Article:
Pyrrhichus

Pyrrhichus or Pyrrhichos (Ancient Greek: Πύρριχος) was a town of ancient Laconia, situated about the centre of the promontory ending in Cape Taenarum, and distant 40 stadia from the river Scyras. According to some it derived its name from Pyrrhus, the son of Achilles, according to others from Pyrrhicus, one of the Curetes. Silenus was also said to have been brought up here. It contained temples of Artemis Astrateia and of Apollo Amazonius – the two surnames referring to the tradition that the Amazons did not proceed further than this place. There was also a well in the agora. The ruins of this town have been discovered by the French Commission near the village of Kavalos near Kotronas, where they found the well of which Pausanias speaks, the torso of a female statue, the remains of baths, and several Roman ruins.[1][2]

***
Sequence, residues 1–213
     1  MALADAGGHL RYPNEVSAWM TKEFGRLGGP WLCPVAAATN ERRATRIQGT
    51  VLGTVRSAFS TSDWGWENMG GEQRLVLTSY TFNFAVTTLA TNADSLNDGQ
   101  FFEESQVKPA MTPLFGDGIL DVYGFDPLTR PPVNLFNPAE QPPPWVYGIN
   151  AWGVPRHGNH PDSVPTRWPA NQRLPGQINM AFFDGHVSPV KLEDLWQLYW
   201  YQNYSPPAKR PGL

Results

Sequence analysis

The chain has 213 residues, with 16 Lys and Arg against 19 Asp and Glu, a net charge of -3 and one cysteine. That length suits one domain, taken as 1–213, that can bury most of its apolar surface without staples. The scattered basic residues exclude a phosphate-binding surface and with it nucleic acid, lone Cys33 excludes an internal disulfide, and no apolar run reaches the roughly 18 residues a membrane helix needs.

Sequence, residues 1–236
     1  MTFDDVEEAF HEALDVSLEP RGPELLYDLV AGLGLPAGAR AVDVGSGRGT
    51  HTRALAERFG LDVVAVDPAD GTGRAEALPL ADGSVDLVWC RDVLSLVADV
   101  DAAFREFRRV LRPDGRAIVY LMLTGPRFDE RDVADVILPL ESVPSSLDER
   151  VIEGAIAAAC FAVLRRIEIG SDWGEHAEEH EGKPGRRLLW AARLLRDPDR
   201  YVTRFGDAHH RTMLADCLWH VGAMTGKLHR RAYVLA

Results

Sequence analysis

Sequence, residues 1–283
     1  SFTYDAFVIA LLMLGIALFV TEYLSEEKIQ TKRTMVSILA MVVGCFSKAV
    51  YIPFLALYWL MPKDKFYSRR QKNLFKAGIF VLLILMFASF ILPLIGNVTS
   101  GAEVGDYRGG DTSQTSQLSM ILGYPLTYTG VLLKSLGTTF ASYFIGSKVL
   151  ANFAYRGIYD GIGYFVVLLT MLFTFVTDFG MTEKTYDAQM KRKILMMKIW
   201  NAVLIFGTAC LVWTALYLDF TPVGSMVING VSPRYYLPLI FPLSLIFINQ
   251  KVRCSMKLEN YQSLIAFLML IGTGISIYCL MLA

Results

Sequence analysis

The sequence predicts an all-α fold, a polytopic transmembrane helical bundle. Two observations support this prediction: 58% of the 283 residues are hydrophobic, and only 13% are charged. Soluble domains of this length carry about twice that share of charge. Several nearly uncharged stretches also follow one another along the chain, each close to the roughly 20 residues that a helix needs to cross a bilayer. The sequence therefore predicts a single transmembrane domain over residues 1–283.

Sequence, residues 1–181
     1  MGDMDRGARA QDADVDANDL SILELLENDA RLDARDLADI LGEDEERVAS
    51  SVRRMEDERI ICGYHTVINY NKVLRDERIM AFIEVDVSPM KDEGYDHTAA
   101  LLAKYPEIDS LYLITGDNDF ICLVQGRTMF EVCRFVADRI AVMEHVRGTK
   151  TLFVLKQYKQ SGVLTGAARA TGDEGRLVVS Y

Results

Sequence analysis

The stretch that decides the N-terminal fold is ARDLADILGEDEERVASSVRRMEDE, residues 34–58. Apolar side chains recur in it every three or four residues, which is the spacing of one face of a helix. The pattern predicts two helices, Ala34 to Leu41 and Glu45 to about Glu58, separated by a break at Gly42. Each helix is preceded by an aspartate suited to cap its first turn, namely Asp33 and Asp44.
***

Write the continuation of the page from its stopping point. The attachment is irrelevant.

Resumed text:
Its site is located near the modern Kotronas.[3][4]

ReferencesEdit

  1. ^ Pausanias. Description of Greece. 3.21.7. , 3.25.1-3.
  2. ^ Émile Puillon Boblaye, Récherches, p. 88.
  3. ^ Richard Talbert, ed. (2000). Barrington Atlas of the Greek and Roman World. Princeton University Press. p. 58, and directory notes accompanying.
  4. ^ Lund University. Digital Atlas of the Roman Empire.

  This article incorporates text from a publication now in the public domainSmith, William, ed. (1854–1857). "Pyrrhichus". Dictionary of Greek and Roman Geography. London: John Murray.

Coordinates: 36°39′33″N 22°25′59″E / 36.659054°N 22.432959°E / 36.659054; 22.432959